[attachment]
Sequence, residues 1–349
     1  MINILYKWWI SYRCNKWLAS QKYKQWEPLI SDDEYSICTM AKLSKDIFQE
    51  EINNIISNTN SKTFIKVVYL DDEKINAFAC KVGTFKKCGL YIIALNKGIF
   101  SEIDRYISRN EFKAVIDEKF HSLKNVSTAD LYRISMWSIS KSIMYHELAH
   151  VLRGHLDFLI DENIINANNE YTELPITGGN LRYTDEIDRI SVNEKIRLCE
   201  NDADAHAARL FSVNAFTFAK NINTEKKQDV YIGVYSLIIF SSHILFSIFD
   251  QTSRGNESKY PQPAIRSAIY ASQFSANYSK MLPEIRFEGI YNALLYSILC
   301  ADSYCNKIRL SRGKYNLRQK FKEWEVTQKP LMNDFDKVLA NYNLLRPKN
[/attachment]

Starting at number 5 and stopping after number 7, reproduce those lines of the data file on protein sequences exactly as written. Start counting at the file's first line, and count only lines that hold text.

   151  VLRGHLDFLI DENIINANNE YTELPITGGN LRYTDEIDRI SVNEKIRLCE
   201  NDADAHAARL FSVNAFTFAK NINTEKKQDV YIGVYSLIIF SSHILFSIFD
   251  QTSRGNESKY PQPAIRSAIY ASQFSANYSK MLPEIRFEGI YNALLYSILC